- A protective lining called the dura, which normally
keeps the brain matter intact and supplies it with
nutrition, oxygen-rich blood, and spinal fluid, normally
covers the brain. When the head sustains an injury
(e.g., from a severe blow, fall, or accident), the brain is
jolted within the skull. This may cause the blood
vessels surrounding the brain and dura to tear, allowing the
blood to gush out and accumulate within the space between
the dura and the skull, and eventually clot. This is
known as an epidural hematoma.
- Swelling is due to the blood and clotting pushing
against the confines of the skull, forcing the brain to
compensate by shifting to accommodate the mass and
- Depending on the degree of shift and the pressure on
other brain structures, such symptoms as headache,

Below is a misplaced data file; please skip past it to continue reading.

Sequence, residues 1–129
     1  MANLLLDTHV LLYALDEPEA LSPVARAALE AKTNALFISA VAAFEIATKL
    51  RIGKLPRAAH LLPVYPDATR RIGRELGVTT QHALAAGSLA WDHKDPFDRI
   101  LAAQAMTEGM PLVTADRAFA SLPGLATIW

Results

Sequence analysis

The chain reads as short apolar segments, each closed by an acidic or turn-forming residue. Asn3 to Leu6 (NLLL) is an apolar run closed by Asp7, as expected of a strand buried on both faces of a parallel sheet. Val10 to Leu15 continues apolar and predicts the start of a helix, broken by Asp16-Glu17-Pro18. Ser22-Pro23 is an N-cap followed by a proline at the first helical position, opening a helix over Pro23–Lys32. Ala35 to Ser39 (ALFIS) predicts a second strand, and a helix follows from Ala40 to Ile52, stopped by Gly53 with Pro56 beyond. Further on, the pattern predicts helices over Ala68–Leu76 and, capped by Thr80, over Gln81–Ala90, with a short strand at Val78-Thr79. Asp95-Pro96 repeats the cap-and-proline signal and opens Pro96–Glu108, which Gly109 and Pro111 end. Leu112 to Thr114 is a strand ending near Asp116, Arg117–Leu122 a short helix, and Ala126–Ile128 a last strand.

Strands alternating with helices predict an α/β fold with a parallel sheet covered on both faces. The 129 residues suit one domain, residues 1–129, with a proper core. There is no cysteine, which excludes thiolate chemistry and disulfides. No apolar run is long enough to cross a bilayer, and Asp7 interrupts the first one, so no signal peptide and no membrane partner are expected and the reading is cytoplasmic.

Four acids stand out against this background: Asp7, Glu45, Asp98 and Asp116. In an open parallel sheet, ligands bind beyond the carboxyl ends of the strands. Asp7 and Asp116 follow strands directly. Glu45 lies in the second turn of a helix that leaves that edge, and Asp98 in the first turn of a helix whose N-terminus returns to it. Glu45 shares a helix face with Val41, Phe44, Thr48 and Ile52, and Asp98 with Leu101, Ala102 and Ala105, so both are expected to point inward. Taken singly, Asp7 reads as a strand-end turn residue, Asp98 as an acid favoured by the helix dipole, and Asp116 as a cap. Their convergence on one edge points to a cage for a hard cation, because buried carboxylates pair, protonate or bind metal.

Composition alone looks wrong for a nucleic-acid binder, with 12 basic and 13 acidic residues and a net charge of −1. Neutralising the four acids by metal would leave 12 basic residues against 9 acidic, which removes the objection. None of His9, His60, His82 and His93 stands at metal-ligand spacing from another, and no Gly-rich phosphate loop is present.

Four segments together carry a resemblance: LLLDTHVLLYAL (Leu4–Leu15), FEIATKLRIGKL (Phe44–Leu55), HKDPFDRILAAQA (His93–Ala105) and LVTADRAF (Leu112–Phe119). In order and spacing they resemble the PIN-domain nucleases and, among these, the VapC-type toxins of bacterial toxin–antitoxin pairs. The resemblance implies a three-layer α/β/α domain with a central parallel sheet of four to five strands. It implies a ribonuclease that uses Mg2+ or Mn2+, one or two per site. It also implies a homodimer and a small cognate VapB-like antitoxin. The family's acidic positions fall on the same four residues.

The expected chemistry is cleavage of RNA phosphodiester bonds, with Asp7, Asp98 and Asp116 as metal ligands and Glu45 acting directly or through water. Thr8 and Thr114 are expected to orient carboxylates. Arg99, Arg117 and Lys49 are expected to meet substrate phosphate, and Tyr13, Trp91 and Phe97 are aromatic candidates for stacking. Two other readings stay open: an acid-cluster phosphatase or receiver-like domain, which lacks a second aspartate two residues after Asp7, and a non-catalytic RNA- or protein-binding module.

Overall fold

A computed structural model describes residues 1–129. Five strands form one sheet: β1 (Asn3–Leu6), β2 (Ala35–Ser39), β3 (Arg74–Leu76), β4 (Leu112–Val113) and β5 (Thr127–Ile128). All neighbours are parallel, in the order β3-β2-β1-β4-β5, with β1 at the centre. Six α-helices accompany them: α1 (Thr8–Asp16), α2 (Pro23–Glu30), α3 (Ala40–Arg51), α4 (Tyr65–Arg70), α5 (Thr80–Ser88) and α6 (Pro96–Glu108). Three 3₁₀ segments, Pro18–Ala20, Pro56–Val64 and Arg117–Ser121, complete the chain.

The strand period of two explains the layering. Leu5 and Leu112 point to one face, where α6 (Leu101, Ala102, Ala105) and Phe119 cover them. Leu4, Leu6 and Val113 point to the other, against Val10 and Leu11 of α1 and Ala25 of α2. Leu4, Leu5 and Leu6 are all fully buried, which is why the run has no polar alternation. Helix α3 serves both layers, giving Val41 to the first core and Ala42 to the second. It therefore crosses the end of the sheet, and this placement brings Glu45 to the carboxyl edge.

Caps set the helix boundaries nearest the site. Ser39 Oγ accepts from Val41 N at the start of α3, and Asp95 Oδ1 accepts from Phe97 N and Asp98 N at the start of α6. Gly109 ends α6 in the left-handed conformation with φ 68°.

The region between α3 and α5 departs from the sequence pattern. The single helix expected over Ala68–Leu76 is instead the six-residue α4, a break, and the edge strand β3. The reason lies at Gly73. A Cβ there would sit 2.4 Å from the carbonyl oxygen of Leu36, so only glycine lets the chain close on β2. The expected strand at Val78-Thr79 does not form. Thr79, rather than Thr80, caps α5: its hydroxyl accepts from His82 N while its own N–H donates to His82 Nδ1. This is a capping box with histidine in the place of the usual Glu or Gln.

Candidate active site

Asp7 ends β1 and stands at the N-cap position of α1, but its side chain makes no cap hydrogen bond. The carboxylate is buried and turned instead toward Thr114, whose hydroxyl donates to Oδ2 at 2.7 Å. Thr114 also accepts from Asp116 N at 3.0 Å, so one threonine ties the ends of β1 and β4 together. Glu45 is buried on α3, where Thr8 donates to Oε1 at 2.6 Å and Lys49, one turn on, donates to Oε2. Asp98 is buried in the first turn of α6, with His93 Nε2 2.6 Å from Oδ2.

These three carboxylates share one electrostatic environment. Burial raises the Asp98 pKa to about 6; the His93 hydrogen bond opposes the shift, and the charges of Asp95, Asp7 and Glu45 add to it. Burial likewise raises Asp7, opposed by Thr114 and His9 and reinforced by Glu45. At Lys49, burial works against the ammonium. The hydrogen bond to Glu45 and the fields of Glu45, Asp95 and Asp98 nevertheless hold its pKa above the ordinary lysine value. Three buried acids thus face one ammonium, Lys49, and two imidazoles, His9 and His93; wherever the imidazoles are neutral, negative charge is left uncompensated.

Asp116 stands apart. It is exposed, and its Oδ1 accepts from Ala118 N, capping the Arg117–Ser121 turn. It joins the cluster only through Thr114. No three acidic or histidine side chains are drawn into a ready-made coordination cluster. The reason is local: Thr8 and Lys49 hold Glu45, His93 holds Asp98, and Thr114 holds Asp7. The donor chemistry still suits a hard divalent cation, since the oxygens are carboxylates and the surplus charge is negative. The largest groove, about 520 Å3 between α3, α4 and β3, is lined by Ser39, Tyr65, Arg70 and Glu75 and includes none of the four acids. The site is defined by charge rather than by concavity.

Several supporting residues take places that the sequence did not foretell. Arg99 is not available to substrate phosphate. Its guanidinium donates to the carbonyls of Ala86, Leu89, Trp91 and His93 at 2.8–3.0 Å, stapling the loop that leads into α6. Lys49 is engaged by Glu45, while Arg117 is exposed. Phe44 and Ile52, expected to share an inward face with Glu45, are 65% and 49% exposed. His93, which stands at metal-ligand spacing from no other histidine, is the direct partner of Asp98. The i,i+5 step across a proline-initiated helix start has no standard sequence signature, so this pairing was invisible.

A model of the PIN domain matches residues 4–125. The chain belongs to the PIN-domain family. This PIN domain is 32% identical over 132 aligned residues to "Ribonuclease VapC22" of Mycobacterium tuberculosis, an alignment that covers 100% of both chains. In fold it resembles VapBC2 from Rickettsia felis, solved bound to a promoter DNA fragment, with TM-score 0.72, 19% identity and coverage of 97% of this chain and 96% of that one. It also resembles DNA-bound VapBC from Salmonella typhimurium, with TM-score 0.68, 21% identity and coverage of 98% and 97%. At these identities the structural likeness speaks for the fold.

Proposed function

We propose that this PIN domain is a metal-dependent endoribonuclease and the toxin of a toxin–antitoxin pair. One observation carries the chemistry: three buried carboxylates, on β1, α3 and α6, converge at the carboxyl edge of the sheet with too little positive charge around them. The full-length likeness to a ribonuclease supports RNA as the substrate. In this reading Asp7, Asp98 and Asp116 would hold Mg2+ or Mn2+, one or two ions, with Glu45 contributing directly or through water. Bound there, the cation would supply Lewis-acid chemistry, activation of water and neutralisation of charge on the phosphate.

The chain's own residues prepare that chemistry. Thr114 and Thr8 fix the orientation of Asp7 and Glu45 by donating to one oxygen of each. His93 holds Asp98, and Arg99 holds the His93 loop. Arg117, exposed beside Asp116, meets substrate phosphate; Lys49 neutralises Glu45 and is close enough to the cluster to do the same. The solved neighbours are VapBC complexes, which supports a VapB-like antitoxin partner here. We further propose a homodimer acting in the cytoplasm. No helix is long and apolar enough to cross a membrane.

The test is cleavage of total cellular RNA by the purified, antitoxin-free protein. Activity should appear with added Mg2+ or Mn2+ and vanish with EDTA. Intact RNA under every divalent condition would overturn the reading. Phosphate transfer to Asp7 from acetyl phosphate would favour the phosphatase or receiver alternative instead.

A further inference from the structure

drowsiness dizziness, vomiting, and pupil dilation may
occur. The patient may have difficulty staying awake,
problems with walking or moving an arm, difficulty with
speech, and (more seriously) problems with breathing and
- Elderly who have difficulty walking, alcoholics who fall
often, and those taking blood-thinning medicine (e.g.,
warfarin) are especially at risk.
- A CAT scan or an MRI may be done to better visualize the hematoma, so that a neurosurgeon may remove the clot.
If you want your friend to read or know about this article, Click here